Prescription Digital Therapeutics: Reimagining Care in Behavior-Driven Conditions - Episode 6
Drs Whittle and Podesta discuss the durability and stability of DTx and PDT treatment.
John Fox, MD: The other thing that insurers, payers, and providers are worried about is the durability of the effect. These are prescription digital therapeutics. Patients use them for 3 to 6 months, and then they’re done. Payers are [thinking], “You’ve shown me 6 months of data. That’s terrific. It looks like it’s effective, but I want to know what the effects are at 12 months or 2 years. Do I have to pay for re-treatment?” How do we address that issue?
Scott Whittle, MD: Let me jump on that. Collectively, we as an industry have no place to talk. Arwen, your point about the therapy being given and having no clear strategy to know whether it’s meeting the need from an evidence or quality perspective is absolutely accurate. Because from a claims-based perspective, I’ve looked closely at this question, and the results aren’t encouraging for business as usual. Because what business as usual looks like, if you dive into claims [from my geographic area], which I believe is absolutely representative [of what is happening] nationally, starting a prescription for medication-assisted treatment and asking somebody to go to therapy usually fails 7 to 9 times before somebody sticks.
The problem isn’t the lack of quality. Usually, the problem is engagement. It’s all the things you’ve mentioned when you speak about the patient experience. You’ve all said it very eloquently. When somebody is struggling with depression, opiate use, or alcohol use disorder, it isn’t the moment in the therapist’s office that we’re trying to manage, it’s that individual feeling connected enough to build recovery capital in a longitudinal basis. Frankly, nothing accomplishes that better than a digital strategy available to you at 2 AM. Nothing does that better. The criticisms of business as usual aren’t directed at the specific therapist [in terms of] whether their therapy is good. It’s directed at the system we built that fails to engage people in the way they want to be engaged.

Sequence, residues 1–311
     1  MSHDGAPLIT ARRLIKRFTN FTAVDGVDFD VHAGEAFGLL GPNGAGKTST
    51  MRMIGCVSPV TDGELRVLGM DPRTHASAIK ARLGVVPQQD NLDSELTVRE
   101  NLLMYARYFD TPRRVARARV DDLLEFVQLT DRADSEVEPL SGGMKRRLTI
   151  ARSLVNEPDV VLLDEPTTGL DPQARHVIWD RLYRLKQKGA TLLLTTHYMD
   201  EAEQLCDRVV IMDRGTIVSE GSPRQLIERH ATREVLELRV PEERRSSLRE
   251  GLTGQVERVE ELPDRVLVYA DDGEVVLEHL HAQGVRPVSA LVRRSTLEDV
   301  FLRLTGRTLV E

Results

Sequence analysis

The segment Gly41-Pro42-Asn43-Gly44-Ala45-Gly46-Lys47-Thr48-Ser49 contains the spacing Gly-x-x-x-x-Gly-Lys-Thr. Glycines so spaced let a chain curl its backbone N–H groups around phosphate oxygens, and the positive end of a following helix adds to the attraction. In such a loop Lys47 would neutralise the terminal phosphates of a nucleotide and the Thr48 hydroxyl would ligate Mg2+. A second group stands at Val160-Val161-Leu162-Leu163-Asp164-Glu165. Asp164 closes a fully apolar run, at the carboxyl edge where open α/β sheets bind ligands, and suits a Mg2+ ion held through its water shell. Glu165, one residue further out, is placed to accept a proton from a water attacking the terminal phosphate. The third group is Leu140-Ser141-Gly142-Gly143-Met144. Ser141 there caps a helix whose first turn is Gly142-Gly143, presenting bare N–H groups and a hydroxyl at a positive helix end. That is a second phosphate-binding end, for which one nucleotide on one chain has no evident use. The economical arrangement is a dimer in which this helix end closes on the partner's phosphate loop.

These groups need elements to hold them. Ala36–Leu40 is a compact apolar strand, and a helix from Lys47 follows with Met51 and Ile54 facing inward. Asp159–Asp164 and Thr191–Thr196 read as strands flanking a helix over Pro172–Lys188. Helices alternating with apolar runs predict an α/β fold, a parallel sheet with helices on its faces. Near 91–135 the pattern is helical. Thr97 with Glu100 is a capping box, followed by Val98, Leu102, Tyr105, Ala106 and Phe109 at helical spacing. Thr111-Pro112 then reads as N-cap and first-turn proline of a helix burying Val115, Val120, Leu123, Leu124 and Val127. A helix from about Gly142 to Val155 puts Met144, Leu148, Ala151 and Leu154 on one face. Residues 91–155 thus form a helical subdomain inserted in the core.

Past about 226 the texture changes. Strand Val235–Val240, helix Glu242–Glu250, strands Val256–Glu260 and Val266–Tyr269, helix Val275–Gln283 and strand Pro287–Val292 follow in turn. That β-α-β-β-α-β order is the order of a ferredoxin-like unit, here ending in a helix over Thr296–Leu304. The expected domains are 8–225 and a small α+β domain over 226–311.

John Fox, MD: I’ve never heard the term recovery capital. Is recovery capital a measure of patient engagement and willingness to self-manage?
Scott Whittle, MD: Absolutely. An evidence-based strategy for recovery from SUD [substance use disorder] is fluency. It’s understanding the elements of recovery that I need to take with me so that I can manage my recovery and have a good relapse prevention plan. Building that fluency, knowledge, and connection is essential. When a therapist is available once in a while, building that knowledge base and fluency is very challenging.
Arwen Podesta, MD: That takes a long time. It’s exactly as you said. You said the number is 7 to 9 times before they actually go to therapy after I’ve recommended it every appointment for the last 5 years. I even do a lot of hot handoffs, in which the patient calls the therapist from my office as they’re sitting in front of me, so that helps. It helps the salience and the introduction, but it doesn’t stick all the time or even half the time for a variety of reasons. It’s part and parcel to the disease processes that we’re trying to treat. A brain that isn’t thinking 100% clearly isn’t going to want to do the things that professionals know help. That’s part of the disease process. That’s where this easy onboarding process with some of the digital therapeutics through text messaging can help, because we all know that a lot of patients with addiction and depression in particular don’t have their voice mail set up. A lot of my colleagues don’t either. It’s hard to connect with people with therapeutics if you’re trying to connect outside the office.
Another comment about that is that people appreciate having this strategy that’s being used in the apps to augment and overcome these specific disease states and symptoms. The fluency that you talk about, Scott, is imperative because that makes it integrate into their system and into their mindset. Some of the programs, such as the ones for addiction that I use most often, also have contingency management, which gives them a reward. It’s one of the other things in addiction that has been proven to be very effective for continued adherence. At 4 AM, if they wake up thinking that they want to get a drug to help them go back to sleep or calm their nerves, and then they use the app that I’ve been so clear that needs to be part of it, then they get an Amazon gift card. More salience occurs to get them to do it again, so the health-forward thinking is improved.
Transcript edited for clarity.